Despite being almost completely deaf, Dalibor Dumić, a young engineer from Bihać and one of the most promising IT students in Bosnia and Herzegovina, is developing an ambitious project to design a brain-controlled wheelchair.
Dalibor is 22 years old and a student of Burch University in Sarajevo and this is his graduation project.
“I’ve seen similar projects where the mind can control a robot arm, and I wanted to implement this concept to a wheelchair, as it would be extremely useful for people with disabilities,” he explained.
This project consists of three key components: a sensor that detects nerve activity, as well as software and hardware which are necessary to control the wheelchair.
“The sensors will be placed on the skull and will scan the nerve activity of the brain,” explained Dumić.
Neural activity will be amplified and sent to the software that will be installed on a tablet with a Windows 10 operating system.
The software then receives information from the sensors, processes them through the algorithm and gives the final command to the hardware built into the wheelchair.
“This idea doesn’t aim to read people’s minds, it is more about reading their neural activity and responsiveness to change parameters of the signal,” says Dumić and says that the project should be ready by the end of the year.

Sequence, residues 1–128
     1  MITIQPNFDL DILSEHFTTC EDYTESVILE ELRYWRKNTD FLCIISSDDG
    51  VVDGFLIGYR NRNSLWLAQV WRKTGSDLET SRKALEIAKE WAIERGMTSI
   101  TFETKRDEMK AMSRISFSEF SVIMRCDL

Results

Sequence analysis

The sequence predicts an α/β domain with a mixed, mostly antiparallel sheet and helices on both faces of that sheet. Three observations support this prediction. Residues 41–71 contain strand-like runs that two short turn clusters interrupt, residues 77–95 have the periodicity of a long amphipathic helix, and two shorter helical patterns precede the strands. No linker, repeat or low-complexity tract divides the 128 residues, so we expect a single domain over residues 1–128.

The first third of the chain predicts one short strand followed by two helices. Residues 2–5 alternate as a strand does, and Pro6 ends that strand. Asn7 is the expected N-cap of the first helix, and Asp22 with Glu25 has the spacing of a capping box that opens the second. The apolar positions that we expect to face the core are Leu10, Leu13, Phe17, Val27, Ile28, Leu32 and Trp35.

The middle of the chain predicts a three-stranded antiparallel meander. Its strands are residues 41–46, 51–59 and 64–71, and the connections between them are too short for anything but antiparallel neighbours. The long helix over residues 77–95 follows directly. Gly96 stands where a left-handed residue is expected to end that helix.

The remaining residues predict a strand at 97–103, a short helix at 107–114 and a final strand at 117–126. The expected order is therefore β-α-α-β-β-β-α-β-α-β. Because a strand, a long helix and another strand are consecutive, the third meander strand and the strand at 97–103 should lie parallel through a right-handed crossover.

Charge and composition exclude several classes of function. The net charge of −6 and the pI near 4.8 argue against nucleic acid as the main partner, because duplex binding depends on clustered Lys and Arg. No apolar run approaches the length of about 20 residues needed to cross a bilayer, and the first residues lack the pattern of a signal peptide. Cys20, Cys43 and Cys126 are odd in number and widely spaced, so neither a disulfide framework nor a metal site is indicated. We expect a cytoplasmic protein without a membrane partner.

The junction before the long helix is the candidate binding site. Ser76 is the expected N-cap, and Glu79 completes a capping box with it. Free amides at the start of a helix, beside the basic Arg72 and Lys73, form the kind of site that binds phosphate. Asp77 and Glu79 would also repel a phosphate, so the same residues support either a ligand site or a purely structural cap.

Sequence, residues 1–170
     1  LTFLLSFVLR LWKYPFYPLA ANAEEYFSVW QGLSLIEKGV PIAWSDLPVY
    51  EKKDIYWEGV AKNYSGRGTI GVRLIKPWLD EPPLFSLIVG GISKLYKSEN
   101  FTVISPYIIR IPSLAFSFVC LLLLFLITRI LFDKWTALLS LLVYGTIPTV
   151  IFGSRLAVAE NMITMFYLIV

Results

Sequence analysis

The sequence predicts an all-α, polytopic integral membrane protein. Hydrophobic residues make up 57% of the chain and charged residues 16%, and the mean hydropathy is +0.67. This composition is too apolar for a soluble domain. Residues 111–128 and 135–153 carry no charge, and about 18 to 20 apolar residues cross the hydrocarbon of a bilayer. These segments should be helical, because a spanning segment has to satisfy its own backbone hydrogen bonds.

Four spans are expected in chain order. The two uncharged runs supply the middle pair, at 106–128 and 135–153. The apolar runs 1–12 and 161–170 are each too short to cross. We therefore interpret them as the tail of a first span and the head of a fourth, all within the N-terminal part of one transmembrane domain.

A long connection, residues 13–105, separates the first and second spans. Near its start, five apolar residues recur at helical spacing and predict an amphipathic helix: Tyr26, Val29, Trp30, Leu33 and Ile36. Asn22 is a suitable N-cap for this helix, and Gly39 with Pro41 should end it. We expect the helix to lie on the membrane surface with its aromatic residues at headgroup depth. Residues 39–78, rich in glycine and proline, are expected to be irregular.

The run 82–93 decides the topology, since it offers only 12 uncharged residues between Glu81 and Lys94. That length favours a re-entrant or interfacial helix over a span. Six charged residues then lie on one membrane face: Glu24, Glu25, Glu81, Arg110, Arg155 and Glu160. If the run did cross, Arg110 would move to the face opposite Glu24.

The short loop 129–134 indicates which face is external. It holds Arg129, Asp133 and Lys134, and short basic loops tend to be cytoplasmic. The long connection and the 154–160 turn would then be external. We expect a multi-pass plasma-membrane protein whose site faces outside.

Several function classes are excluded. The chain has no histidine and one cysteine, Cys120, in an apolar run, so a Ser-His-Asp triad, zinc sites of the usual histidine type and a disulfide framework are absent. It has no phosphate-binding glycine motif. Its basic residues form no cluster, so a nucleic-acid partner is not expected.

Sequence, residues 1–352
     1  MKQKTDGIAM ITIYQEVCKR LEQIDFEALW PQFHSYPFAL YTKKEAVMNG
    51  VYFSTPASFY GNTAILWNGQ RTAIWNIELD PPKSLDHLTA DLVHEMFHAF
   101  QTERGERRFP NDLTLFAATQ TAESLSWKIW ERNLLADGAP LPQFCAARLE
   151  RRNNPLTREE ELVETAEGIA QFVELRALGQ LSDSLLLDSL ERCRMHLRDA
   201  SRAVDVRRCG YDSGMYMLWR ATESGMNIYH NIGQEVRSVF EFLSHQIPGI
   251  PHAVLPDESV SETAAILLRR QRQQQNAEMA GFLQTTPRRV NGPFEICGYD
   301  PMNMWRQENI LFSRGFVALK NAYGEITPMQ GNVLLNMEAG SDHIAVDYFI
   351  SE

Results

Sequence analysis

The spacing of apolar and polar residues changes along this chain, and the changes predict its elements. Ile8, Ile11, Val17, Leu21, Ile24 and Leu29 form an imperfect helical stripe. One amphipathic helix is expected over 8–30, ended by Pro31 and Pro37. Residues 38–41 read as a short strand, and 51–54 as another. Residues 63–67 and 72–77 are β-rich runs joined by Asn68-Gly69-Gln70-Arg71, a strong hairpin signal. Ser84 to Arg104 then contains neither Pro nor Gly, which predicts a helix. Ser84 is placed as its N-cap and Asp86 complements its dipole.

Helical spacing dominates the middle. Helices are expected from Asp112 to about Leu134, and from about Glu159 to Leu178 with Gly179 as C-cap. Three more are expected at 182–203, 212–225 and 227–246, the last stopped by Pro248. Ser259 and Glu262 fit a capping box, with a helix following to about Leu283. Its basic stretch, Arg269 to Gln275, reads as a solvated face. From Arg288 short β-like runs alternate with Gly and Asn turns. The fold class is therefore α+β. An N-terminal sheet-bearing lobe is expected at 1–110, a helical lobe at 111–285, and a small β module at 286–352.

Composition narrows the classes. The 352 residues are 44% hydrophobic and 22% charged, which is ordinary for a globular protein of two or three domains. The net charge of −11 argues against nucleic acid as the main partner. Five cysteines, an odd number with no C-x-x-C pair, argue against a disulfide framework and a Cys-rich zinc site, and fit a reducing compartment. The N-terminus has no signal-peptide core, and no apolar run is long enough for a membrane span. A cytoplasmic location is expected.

“My desire is to make this easy and accessible so it can be useful to a lot of people, especially people in Bosnia,” said Dalibor.
The IT sector did boom in Bosnia in recent years, but Dalibor notes that it is still hard for him to develop his skills in Bosnia and Herzegovina, despite being part of a worldwide program designed by Microsoft (Microsoft Student Partners) which sponsors students’ activities related to technology.
“Developing skills is not easy,” he concluded.
One of his problems is that he suffers from almost complete hearing loss, which is a big problem in the Bosnian education system.
“People here close their eyes to this,” he noted.
“In order for me to understand them, they need to speak slowly and without raising their voice, which is often a problem;when people notice my problem they begin to shout, thinking I would hear them better, instead of speaking more clearly. When my peers speak too loudly, it’s as if they’re mocking me” said Dalibor.
He added that it is difficult to understand what professors say.
Although many young people are leaving Bosnia to find a job, Dumić said that he sees his future in BiH.
“I want to become an innovative and useful member of the community,” said Dumić blaming the people around him for being too pessimistic.
“People here are mostly pessimistic and because of that the situation can’t get better. A lot of good things are going on, but many people can’t see them because pessimism prevails. It destroys peoples’ inspiration,” concluded Dalibor.
(Source: BIRN – Justice report)